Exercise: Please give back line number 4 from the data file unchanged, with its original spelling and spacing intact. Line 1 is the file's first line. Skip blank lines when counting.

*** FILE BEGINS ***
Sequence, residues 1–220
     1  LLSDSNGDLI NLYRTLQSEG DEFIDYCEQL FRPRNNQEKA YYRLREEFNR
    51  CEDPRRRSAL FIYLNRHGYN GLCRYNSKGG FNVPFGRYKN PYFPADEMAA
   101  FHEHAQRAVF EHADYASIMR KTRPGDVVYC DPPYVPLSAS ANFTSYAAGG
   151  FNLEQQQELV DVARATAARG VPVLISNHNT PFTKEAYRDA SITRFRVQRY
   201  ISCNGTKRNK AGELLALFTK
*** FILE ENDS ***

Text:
   101  FHEHAQRAVF EHADYASIMR KTRPGDVVYC DPPYVPLSAS ANFTSYAAGG